No, I can't see a laser beam from the side, unless it scatters off something such as dust in the air.
I have a laser pointer. I can see the red dot where the beam strikes the wall and scatters. I can not see the beam in the air.

The reason that you see it is that, there are stray photons arriving at your eye. So, this is exactly the situation as in the Hasselkamp experiment, except that the ion source is replaced with a laser. If you do not want to use a laser, you can always replace it with a source of ions.
This is your methodology. Do you want to replace your lasers with ion beams?

8. Originally Posted by Pete
No, I can't see a laser beam from the side, unless it scatters off something such as dust in the air.
I have a laser pointer. I can see the red dot where the beam strikes the wall and scatters. I can not see the beam in the air.
Well, I can.

This is your methodology. Do you want to replace your lasers with ion beams?
Sure no problem.

9. Originally Posted by Tach
Well, I can.
Assuming that enough laser light does scatter from the air, the expected frequency of the scattered light received at O isn't simply a case of applying the transverse doppler effect.

Why don't you just attach a simple light source of known frequency to P?
The light that travels straight from P to O will be shifted by the transverse doppler effect.

Sure no problem
OK, so now you have ion guns mounted on the wheel and on T2.
Ions are emitted from the guns at known velocity relative to the guns.
The ions emit light at a known frequency.
A detector at O measures the frequency of light received from the emitted ions.
You propose that those measurements can be used to draw conclusions about the motion of the ion guns.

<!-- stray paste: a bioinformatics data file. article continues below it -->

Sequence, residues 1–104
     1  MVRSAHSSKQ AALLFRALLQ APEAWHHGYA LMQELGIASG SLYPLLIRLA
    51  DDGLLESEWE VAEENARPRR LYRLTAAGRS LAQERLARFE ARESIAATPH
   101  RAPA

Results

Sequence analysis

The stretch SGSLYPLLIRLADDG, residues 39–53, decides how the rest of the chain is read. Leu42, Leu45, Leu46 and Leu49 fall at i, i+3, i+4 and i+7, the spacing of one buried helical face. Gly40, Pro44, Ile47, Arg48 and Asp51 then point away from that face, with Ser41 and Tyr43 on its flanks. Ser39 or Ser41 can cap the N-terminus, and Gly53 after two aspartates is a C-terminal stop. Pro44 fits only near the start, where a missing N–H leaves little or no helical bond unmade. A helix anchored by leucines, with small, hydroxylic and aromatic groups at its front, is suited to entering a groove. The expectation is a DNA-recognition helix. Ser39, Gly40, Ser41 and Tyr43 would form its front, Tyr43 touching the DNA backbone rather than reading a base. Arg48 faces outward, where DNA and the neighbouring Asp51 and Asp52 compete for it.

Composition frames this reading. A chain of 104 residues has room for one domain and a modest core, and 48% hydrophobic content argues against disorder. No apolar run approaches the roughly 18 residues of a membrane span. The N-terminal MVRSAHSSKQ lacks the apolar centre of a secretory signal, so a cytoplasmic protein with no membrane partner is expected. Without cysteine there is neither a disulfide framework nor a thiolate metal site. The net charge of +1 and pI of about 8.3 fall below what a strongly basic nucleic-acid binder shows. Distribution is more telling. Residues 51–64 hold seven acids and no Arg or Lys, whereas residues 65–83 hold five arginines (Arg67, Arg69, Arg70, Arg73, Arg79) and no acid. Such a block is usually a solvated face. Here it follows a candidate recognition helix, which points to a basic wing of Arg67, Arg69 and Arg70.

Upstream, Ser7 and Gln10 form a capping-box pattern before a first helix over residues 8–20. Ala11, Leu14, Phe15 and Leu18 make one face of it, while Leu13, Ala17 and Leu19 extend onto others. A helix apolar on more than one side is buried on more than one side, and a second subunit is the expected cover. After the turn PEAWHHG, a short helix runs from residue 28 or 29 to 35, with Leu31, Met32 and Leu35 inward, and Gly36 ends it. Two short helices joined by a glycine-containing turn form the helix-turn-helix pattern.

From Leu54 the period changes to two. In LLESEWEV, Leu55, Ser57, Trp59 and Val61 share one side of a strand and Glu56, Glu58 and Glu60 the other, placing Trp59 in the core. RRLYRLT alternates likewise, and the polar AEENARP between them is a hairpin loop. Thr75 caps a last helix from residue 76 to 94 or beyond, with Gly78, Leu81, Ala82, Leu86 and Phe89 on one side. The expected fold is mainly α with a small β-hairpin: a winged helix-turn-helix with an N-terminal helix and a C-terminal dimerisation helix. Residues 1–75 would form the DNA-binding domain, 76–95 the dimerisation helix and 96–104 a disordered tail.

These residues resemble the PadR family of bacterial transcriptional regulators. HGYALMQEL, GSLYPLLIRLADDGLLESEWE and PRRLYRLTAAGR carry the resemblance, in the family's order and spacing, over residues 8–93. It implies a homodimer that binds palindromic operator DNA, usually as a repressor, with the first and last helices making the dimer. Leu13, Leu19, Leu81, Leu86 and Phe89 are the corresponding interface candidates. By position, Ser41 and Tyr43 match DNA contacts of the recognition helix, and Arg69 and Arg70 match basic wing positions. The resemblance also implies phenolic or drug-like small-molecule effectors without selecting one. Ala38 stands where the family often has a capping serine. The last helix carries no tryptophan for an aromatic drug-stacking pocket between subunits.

Is that right?

10. Originally Posted by Pete
Assuming that enough laser light does scatter from the air, the expected frequency of the scattered light received at O isn't simply a case of applying the transverse doppler effect.

Why don't you just attach a simple light source of known frequency to P?
The light that travels straight from P to O will be shifted by the transverse doppler effect.
Yes.

OK, so now you have ion guns mounted on the wheel and on T2.
Ions are emitted from the guns at known velocity relative to the guns.
The ions emit light at a known frequency.
A detector at O measures the frequency of light received from the emitted ions.
You propose that those measurements can be used to draw conclusions about the motion of the ion guns.

Is that right?
Yes, the detection of $f=f_0/\gamma$ coming from both sources tells you that they are perpendicular on $\vec{OP}$ (and parallel to each other. Can we move on to your method?

11. Originally Posted by Tach
Yes.
Yes, you're attaching a simple light source to P rather than the ion gun?

Is there still an ion gun on T2, or is it also a simple light source?

Yes, the detection of $f=f_0/\gamma$ coming from both sources tells you that they are perpendicular on $\vec{OP}$ (and parallel to each other. Can we move on to your method?
The doppler shift can potentially tell you about the direction of the velocities of P and the point on T2, but don't you also want to determine the orientation of T2?

12. Originally Posted by Pete
Yes, you're attaching a simple light source to P rather than the ion gun?
either works

Is there still an ion gun on T2, or is it also a simple light source?